Statistical research of all age and gender groups conducted in different countries provides evidence of the universal and global character of obesity and suggests the countries’ food policy as one of its roots. Although, strictly speaking, it is not a disease, its momentum reaches an epidemic scale. In 2008, statistical records registered nearly 1.5 billion overweight and obese adults worldwide. Furthermore, the projection to 2030 predicts 2.16 billion overweight and 1.12 billion obese adults globally. Such catastrophic rates cannot be explained by an individual or even racial predisposition to obesity or by multiple different choices. Obesity affects the populations of the countries with both high and low level of welfare, as well as urban and rural areas and all age and gender groups. Surprisingly, even poorly nourished and undernourished population, which depends on aid programs, is the most vulnerable to obesity. Obesity rates in developing countries catch up with those in the USA. The group of scientists stated on the grounds of statistical data of the “rapid increases in the rates of obesity and overweight” in both urban and rural areas throughout the world, from sub-Saharan Africa and South Asia to wealthier nations. Consequently, the pattern of food choices of low-income American families reveals similarity with the dietary preferences of low-income people all over the world. Finally, most low-income respondents spent their limited food dollars on energy-dense foods.

The cheapness, diversity, viability and a rich taste of unhealthy food supported by convincing advertising misguide people in their dietary choices, which brings the issue of obesity out of the personal competence. As long as food industry caters for biological preferences of the human organism and the advertising is taking into consideration biological preferences of the human organism, it is not surprising. Biologically, human beings prefer sweet and fatty food as it flatters the taste and increases the feeling of satiety. Moreover, the mechanisms of thirst and hunger are not linked. Food technologies cater for the biological preferences of humans and offer cheap food rich in fats, sugar, and calories. Moreover, the innovations in all phases of exertion eliminated movement from almost all human activities. Therefore, the development of obesity cannot be reduced to the socioeconomic factors alone, though it definitely depends on the level of awareness, food security, and financial possibilities.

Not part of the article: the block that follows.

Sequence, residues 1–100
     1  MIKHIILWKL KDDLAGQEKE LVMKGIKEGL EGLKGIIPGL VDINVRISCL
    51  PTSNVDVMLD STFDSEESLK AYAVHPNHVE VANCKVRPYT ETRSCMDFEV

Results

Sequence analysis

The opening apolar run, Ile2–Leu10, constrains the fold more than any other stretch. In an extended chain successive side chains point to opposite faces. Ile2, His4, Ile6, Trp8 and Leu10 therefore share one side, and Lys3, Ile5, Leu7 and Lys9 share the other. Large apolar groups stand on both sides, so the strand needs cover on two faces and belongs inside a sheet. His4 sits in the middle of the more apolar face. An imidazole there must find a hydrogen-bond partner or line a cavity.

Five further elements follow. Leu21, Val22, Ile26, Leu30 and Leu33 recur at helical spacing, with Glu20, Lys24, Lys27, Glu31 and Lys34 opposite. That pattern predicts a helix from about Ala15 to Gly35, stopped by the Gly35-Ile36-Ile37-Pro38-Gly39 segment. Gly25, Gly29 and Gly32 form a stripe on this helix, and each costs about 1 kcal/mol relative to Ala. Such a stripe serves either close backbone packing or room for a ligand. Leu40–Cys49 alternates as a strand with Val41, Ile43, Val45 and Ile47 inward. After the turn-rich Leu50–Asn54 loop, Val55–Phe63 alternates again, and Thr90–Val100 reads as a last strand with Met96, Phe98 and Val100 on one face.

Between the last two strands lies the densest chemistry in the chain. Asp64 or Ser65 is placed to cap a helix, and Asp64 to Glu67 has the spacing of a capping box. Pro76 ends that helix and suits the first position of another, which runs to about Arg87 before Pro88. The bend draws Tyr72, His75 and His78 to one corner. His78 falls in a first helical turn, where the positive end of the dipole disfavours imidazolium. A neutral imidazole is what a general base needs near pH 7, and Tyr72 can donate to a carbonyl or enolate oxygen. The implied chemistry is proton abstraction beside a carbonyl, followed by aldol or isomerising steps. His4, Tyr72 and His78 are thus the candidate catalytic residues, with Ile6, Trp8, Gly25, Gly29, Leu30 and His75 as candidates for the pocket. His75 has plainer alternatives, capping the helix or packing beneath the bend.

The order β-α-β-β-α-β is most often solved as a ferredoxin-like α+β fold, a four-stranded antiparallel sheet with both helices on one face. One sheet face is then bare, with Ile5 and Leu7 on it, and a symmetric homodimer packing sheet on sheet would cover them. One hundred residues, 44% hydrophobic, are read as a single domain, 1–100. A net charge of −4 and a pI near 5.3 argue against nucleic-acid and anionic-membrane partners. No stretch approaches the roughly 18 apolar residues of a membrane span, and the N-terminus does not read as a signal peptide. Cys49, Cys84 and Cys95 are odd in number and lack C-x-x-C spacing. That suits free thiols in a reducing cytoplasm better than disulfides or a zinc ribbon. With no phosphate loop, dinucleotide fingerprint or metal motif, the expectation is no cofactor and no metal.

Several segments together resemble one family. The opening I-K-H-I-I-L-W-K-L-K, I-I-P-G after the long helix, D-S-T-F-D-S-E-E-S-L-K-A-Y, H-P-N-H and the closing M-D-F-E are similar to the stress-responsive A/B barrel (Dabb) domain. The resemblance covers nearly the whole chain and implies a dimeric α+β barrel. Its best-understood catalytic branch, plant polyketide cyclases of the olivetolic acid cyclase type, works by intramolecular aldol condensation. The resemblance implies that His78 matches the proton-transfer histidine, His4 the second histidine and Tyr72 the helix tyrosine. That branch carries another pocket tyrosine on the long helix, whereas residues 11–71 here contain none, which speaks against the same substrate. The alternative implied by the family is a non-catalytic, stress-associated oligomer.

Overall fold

Although it is generally considered that physical fitness, good health, and healthy food intake are a personal choice of every individual, the American experience proves the contrary or at least is a more complicated matter. Obesity growth is halted in the USA, although the rate remains high and demands supervision. Ogden et al. confirm that excess weight among children and young adults in 2012 remained mainly on the same level as in 2003. However, the percentage of overweight and obese individuals among children aged two to five years reduced significantly. Although obesity rates remained high and accounted for 17 % of children and one-third of adults, the authors note the tendency to the stabilization of the problem. However, obesity rates did not show any falling tendency.

The positive tendency in the USA became possible only due to the large-scale publicity company sponsored by the government and significant changes in the food policies. Initial efforts directed at the promotion of the healthy lifestyle did not give a satisfactory result because they were not combined with consistent and comprehensive policies in other fields. Health messages regarding the dangers of obesity … have not produced the desired effect. Drewnowski and Specter list the availability and affordability of healthy food, television advertising, pricing policies, promotion of healthy lifestyle, etc. among the factors of influence. Therefore, to achieve any significant result on the global scale, nations should revise their food policy and set countering obesity as a top priority.

The issue of obesity can be a problem for individuals. Although it is generally considered that physical fitness, good health, and healthy food choice are a personal business of every person, researchers prove that obesity is a global issue of an epidemic scale with social and financial roots. It requires cardinal change of food policy worldwide because of its universal distribution, obvious connection with the socioeconomic status and education level, and high rates in the groups depending on social aid programs. There are many factors influencing the individual choices of the population. At the current level, it is a global problem, and its solution should involve actions on the national and international levels. Therefore, the nations should revisit their food, social, and health policies, increase the level of awareness about obesity, and invest in promotion of healthy lifestyle on the national level.